"The extraction process is continuing to evolve," Raymond Bizal, director of California and Oregon regional operations for the National Fire Protection Association, recently told Politico. "The fire-safety industry has to play catch-up."
Most US states in which marijuana is legal have not outlined safety and health guidelines for the industry. According to Politico, the National Institute for Occupational Safety and Health (NIOSH) — a branch of the US Centers for Disease Control and Prevention (CDC) — responsible for researching work-related diseases and injuries, has held just two hazard evaluations of marijuana facilities in the US. Neither one of the evaluations looked into the extraction of hash oil and its potential risks.
Extracting hash oil from cannabis is particularly dangerous as it involves pouring butane or another highly-flammable solvent into a cannabis-filled container. The solvent removes the THC, the psychoactive ingredient in marijuana, from the cannabis. The remaining hash oil is then added to items like chocolate, butter, tea or hash-oil vape pens for consumption or smoking. In 2017, the US Drug Enforcement Agency (DEA) claimed that there were fires or explosions in an estimated 10 percent of all illegal hash oil extraction labs across the US.
Hash-oil processing "can be done safely [when it is] done properly and following the rules and regulations," Bizal recently told Politico.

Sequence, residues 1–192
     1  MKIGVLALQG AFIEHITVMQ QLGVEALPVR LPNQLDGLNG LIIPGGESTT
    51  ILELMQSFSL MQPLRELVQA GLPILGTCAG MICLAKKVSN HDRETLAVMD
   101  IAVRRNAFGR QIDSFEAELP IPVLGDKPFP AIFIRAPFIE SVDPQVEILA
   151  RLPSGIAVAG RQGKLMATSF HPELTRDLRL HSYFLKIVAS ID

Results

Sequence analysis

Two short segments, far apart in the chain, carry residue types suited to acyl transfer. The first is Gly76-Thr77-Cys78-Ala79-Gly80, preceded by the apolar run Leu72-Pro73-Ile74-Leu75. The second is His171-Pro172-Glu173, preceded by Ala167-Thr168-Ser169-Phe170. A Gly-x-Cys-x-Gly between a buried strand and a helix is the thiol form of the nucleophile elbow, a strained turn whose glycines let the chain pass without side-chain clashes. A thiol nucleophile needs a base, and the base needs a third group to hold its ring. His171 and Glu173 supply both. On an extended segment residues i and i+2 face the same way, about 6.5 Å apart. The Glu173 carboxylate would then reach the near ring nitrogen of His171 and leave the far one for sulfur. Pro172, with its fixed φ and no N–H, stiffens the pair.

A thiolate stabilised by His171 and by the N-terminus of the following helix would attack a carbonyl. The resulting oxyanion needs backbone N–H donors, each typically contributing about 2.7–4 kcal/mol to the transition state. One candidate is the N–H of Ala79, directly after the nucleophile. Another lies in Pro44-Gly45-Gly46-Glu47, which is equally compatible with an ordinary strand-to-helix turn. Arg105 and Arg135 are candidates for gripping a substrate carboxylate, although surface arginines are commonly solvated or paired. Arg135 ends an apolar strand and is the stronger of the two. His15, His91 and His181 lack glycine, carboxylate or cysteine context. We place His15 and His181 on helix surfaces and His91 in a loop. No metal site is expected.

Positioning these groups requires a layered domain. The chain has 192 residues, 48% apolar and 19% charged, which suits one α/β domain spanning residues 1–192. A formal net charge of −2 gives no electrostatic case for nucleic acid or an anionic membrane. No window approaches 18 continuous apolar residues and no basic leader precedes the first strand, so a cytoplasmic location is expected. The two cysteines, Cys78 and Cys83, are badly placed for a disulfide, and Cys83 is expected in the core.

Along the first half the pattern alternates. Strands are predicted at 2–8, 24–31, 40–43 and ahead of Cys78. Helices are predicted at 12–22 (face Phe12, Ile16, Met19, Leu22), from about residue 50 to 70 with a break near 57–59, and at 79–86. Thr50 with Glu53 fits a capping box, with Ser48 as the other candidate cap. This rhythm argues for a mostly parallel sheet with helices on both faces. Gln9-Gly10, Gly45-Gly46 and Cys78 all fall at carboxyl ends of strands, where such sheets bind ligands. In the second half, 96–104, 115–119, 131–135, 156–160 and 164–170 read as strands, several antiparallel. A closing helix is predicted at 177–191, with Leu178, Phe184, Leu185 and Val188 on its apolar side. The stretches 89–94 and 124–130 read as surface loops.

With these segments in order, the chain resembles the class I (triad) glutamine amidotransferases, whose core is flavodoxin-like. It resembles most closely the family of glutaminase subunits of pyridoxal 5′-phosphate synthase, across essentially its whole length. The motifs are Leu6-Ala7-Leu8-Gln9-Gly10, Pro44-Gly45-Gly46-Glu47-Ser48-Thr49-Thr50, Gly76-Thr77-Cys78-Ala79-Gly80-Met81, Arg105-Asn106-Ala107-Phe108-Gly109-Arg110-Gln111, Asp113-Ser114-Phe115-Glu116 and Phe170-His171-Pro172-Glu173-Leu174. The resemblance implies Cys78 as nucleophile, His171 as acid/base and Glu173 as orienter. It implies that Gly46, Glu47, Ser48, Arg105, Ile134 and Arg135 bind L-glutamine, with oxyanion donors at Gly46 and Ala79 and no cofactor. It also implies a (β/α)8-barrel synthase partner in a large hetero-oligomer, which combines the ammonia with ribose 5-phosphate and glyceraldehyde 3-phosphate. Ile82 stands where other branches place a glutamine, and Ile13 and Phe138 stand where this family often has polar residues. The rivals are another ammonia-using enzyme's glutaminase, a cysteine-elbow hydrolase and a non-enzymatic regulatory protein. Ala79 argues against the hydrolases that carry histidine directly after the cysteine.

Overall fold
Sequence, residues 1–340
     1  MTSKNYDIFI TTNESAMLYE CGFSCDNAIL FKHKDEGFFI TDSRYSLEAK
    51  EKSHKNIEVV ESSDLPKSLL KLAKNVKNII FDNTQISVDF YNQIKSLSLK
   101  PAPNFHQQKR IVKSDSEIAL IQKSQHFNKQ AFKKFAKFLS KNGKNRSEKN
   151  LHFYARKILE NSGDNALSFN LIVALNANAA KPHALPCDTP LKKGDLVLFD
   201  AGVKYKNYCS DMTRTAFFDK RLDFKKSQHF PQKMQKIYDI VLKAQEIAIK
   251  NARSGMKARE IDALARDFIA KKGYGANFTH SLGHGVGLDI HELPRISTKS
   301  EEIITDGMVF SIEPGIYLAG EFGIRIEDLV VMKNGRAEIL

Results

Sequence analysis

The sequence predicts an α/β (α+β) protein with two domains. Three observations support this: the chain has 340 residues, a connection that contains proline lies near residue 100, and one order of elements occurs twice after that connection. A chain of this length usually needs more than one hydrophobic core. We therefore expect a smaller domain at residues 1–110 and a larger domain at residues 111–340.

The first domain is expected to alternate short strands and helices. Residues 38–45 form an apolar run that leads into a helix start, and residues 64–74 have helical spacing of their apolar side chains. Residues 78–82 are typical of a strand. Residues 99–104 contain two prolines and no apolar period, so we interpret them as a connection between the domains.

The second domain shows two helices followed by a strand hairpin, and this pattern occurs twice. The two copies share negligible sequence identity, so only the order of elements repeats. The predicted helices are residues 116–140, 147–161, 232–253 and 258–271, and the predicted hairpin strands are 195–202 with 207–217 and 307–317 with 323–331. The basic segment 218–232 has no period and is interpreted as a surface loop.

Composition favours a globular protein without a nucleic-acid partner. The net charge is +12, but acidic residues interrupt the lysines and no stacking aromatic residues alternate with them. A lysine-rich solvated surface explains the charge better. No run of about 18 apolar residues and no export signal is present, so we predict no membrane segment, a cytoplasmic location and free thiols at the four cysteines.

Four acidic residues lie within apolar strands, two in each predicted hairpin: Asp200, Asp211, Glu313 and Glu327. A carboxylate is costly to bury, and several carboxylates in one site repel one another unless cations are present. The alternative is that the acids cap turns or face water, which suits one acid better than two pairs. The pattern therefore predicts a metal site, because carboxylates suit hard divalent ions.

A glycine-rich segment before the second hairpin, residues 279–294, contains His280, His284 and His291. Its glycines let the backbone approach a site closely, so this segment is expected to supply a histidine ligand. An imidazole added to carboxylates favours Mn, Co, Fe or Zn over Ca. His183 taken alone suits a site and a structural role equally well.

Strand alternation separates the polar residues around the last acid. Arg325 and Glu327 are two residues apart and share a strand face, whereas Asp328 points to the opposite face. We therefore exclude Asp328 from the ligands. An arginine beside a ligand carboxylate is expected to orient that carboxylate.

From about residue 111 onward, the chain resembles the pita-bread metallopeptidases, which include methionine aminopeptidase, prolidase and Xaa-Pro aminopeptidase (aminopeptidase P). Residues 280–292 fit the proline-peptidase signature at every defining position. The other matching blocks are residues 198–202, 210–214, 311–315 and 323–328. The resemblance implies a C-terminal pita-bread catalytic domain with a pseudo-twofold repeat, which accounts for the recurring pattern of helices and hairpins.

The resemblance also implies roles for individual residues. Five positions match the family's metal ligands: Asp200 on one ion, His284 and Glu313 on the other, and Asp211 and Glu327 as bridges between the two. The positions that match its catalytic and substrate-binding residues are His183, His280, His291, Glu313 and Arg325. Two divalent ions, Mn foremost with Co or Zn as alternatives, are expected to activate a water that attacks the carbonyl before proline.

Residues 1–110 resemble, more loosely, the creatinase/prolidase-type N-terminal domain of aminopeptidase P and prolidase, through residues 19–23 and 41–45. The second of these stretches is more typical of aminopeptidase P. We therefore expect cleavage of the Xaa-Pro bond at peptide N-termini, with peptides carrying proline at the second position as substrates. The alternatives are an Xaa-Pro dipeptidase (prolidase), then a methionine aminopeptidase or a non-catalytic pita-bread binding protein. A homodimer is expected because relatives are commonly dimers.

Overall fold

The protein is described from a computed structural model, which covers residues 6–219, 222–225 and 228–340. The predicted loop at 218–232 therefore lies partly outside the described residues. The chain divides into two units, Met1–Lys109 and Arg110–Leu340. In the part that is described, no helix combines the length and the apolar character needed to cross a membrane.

Some states, including Colorado, California, Michigan, Oregon, and Washington, do have health and safety guidelines in place. However, they are not yet comprehensive, a potential risk given the increase in medical and recreational marijuana sales.
In 2018, there was an estimated $10.4 billion worth of medical and recreational marijuana sales in the US, according to New Frontier Data. Profits are expected to reach $40 billion by 2021.
After a series of explosions in Colorado marijuana facilities, the National Fire Protection Association revised their code to detail that a hash-oil extraction process must occur in a non-combustible room or building where there are no children or healthcare facilities.
The revised code also states that staff members must be properly trained on how to use extraction equipment as well as decreeing that the extraction room must contain gas detection and fire extinguishing systems.
According to some labor unions, however, state governments are licensing producers at a faster rate than the state is able to inspect production facilities for safety violations. In addition, union leaders claim that employees at marijuana factories should be certified on how to properly use equipment to prevent accidents.
In Arizona last year, a fire took place at a medical marijuana facility after an employee did not properly store butane.
"This is something fire departments and law enforcement and city code officials will have to deal with," Fire Captain Mark Dillon of Coolidge, Arizona, told ABC's Nick Ciletti at the time of the incident.
In December, California's occupational safety and health agency fined a cannabis manufacturer a hefty $50,470 after an explosion burned an employee who was using propane to extract hash oil, Politico reported.